Java & MySQL - SavePoint


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The new JDBC 3.0 Savepoint interface gives you the additional transactional control. Most modern DBMS, support savepoints within their environments such as Oracle's PL/SQL.

When you set a savepoint you define a logical rollback point within a transaction. If an error occurs past a savepoint, you can use the rollback method to undo either all the changes or only the changes made after the savepoint.

The Connection object has two new methods that help you manage savepoints −

  • setSavepoint(String savepointName) − Defines a new savepoint. It also returns a Savepoint object.

  • releaseSavepoint(Savepoint savepointName) − Deletes a savepoint. Notice that it requires a Savepoint object as a parameter. This object is usually a savepoint generated by the setSavepoint() method.

There is one rollback (String savepointName) method, which rolls back work to the specified savepoint.

The following example illustrates the use of a Savepoint object −

try{
   //Assume a valid connection object conn
   conn.setAutoCommit(false);
   Statement stmt = conn.createStatement();
   
   //set a Savepoint
   Savepoint savepoint1 = conn.setSavepoint("Savepoint1");
   String SQL = "INSERT INTO Employees " +
                "VALUES (106, 20, 'Rita', 'Tez')";
   stmt.executeUpdate(SQL);  
   //Submit a malformed SQL statement that breaks
   String SQL = "INSERTED IN Employees " +
                "VALUES (107, 22, 'Sita', 'Tez')";
   stmt.executeUpdate(SQL);
   // If there is no error, commit the changes.
   conn.commit();

}catch(SQLException se){
   // If there is any error.
   conn.rollback(savepoint1);
}

In this case, none of the above INSERT statement would success and everything would be rolled back.

Following is the example, which makes use of setSavepoint and rollback described.

This sample code has been written based on the environment and database setup done in the previous chapters.

Copy and paste the following example in TestApplication.java, compile and run as follows −

import java.sql.Connection;
import java.sql.DriverManager;
import java.sql.ResultSet;
import java.sql.SQLException;
import java.sql.Savepoint;
import java.sql.Statement;

public class TestApplication {
   static final String DB_URL = "jdbc:mysql://localhost/TUTORIALSPOINT";
   static final String USER = "guest";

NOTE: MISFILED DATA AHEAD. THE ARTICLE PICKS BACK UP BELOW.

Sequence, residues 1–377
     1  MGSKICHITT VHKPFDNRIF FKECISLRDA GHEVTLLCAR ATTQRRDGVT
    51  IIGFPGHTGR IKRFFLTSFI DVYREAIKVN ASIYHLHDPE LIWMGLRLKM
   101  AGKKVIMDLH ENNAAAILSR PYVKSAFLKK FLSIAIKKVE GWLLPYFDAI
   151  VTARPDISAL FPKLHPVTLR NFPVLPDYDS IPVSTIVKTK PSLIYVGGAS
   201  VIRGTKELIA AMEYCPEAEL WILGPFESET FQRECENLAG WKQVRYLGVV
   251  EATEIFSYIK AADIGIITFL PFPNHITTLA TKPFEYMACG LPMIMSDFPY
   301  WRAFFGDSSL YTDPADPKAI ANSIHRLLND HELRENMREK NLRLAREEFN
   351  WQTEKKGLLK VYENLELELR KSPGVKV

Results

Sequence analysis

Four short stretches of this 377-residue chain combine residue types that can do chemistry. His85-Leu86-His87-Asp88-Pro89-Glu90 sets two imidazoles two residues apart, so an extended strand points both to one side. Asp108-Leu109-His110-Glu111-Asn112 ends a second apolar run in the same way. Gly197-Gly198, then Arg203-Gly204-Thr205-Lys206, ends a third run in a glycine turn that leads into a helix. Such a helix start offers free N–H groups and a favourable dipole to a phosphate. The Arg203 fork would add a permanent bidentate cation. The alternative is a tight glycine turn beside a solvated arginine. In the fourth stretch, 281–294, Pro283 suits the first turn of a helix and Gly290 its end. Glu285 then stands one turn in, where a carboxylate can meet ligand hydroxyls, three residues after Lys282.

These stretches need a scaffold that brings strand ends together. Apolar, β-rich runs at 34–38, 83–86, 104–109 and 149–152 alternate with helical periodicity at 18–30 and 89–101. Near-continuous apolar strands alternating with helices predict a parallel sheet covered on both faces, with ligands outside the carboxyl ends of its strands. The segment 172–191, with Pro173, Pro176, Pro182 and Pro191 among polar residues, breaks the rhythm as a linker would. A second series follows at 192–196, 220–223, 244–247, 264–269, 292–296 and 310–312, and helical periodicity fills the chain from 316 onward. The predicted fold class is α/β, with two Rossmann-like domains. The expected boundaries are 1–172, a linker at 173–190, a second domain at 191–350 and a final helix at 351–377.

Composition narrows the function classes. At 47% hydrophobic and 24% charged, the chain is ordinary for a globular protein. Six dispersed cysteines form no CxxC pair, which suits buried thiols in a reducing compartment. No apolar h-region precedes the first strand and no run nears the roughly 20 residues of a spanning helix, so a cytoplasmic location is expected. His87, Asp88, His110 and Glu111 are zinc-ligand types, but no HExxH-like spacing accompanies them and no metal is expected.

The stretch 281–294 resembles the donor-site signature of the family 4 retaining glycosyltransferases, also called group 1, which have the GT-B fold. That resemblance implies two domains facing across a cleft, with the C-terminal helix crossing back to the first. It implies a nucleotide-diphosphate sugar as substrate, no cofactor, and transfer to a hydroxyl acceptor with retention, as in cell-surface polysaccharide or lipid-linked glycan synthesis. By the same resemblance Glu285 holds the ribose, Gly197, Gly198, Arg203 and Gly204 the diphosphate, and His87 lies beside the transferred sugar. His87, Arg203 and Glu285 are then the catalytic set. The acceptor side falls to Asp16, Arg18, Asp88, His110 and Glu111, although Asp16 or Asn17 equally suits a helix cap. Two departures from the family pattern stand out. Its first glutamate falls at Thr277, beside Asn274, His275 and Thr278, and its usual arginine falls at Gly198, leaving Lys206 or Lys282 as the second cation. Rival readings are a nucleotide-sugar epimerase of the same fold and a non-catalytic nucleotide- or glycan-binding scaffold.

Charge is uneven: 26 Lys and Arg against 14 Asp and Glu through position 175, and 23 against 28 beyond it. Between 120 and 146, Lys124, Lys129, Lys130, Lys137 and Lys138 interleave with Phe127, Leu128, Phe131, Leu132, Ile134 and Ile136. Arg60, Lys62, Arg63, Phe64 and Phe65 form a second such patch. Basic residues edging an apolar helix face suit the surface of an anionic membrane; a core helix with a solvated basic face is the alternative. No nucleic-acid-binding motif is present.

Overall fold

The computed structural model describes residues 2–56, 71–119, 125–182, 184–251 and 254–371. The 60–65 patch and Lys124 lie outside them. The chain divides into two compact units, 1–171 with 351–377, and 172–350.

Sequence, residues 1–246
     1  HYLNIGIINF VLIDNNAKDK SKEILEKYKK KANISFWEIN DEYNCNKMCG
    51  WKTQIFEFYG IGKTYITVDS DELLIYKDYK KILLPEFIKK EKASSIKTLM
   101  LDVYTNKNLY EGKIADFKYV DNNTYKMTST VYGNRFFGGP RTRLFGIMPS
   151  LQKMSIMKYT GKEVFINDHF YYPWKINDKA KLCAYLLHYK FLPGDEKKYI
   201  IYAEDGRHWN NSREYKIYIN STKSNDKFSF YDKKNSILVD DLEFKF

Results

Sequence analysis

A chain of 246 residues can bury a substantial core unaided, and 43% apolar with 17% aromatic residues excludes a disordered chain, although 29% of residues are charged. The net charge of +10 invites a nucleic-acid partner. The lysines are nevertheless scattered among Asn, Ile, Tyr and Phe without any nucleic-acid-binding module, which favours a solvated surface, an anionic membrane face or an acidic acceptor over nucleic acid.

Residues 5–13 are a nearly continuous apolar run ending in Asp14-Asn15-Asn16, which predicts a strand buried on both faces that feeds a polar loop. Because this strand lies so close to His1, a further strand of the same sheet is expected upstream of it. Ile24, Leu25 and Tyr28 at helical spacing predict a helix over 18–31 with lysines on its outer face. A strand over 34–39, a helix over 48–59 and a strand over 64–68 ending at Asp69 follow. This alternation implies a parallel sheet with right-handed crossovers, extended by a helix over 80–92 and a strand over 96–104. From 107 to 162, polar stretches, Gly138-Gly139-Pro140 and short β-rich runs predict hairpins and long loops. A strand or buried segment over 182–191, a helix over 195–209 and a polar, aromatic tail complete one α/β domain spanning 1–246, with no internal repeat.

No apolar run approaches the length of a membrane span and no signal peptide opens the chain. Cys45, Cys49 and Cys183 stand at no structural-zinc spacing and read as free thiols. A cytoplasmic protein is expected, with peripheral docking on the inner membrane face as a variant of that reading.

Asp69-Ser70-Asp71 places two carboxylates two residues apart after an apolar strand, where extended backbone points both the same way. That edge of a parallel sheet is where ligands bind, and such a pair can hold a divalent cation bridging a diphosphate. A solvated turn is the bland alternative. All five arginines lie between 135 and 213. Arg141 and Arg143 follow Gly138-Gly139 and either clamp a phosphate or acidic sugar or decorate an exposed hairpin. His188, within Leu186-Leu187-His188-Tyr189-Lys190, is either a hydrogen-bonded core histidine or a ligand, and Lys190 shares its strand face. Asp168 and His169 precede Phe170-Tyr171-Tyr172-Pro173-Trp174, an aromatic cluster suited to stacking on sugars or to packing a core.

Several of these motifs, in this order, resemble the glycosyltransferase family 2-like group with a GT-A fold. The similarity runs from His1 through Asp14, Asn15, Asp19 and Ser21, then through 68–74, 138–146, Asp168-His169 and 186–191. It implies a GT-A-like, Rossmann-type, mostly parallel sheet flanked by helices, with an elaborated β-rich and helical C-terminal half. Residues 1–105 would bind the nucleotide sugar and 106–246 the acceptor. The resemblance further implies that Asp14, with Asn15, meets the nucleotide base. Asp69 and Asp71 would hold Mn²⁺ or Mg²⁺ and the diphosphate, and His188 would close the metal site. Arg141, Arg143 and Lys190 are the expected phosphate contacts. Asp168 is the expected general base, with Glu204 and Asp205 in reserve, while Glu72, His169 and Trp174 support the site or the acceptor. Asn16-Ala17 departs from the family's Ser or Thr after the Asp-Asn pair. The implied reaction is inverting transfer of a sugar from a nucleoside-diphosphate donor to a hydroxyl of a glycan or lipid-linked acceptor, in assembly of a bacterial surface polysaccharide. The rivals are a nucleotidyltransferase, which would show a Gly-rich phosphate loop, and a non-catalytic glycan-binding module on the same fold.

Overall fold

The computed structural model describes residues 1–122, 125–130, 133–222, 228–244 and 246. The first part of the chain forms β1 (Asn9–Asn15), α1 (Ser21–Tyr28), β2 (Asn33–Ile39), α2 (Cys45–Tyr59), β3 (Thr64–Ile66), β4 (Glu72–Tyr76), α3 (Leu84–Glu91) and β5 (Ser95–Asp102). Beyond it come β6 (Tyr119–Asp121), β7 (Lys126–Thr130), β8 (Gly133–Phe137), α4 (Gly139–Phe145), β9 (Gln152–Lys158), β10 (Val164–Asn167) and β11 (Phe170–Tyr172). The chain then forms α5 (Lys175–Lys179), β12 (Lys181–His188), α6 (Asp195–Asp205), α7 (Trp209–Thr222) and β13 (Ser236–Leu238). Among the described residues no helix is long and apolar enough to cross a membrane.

static final String PASS = "guest123";
   static final String QUERY = "SELECT id, first, last, age FROM Employees";
   static final String DELETE_QUERY = "DELETE FROM Employees WHERE ID = 8";
   static final String DELETE_QUERY_1 = "DELETE FROM Employees WHERE ID = 9";

   public static void printResultSet(ResultSet rs) throws SQLException{
      // Ensure we start with first row
      rs.beforeFirst();
      while(rs.next()){
         // Display values
         System.out.print("ID: " + rs.getInt("id"));
         System.out.print(", Age: " + rs.getInt("age"));
         System.out.print(", First: " + rs.getString("first"));
         System.out.println(", Last: " + rs.getString("last"));
      }
      System.out.println();
   }

   public static void main(String[] args) {
      // Open a connection
      try(Connection conn = DriverManager.getConnection(DB_URL, USER, PASS);
         Statement stmt = conn.createStatement(
            ResultSet.TYPE_SCROLL_INSENSITIVE,
            ResultSet.CONCUR_UPDATABLE);				
      ) {		

         conn.setAutoCommit(false);
         ResultSet rs = stmt.executeQuery(QUERY);
         System.out.println("List result set for reference....");
         printResultSet(rs);

         // delete row having ID = 8
         // But save point before doing so.
         Savepoint savepoint1 = conn.setSavepoint("ROWS_DELETED_1");
         System.out.println("Deleting row....");
         stmt.executeUpdate(DELETE_QUERY);  
         // Rollback the changes after save point 1.
         conn.rollback(savepoint1);

         // delete rows having ID = 9
         // But save point before doing so.
         conn.setSavepoint("ROWS_DELETED_2");
         System.out.println("Deleting row....");

         stmt.executeUpdate(DELETE_QUERY_1);  

         rs = stmt.executeQuery(QUERY);
         System.out.println("List result set for reference....");
         printResultSet(rs);

         // Clean-up environment
         rs.close();

      } catch (SQLException e) {
         e.printStackTrace();
      } 
   }
}

Now, let us compile the above example as follows −

C:\>javac TestApplication.java
C:\>

When you run TestApplication, it produces the following result −

C:\>java TestApplication
List result set for reference....
ID: 1, Age: 23, First: Zara, Last: Ali
ID: 2, Age: 30, First: Mahnaz, Last: Fatma
ID: 3, Age: 35, First: Zaid, Last: Khan
ID: 4, Age: 33, First: Sumit, Last: Mittal
ID: 5, Age: 40, First: John, Last: Paul
ID: 7, Age: 20, First: Sita, Last: Singh
ID: 8, Age: 20, First: Rita, Last: Tez
ID: 9, Age: 20, First: Sita, Last: Singh

Deleting row....
Deleting row....
List result set for reference....
ID: 1, Age: 23, First: Zara, Last: Ali
ID: 2, Age: 30, First: Mahnaz, Last: Fatma
ID: 3, Age: 35, First: Zaid, Last: Khan
ID: 4, Age: 33, First: Sumit, Last: Mittal
ID: 5, Age: 40, First: John, Last: Paul
ID: 7, Age: 20, First: Sita, Last: Singh
ID: 8, Age: 20, First: Rita, Last: Tez
C:\>
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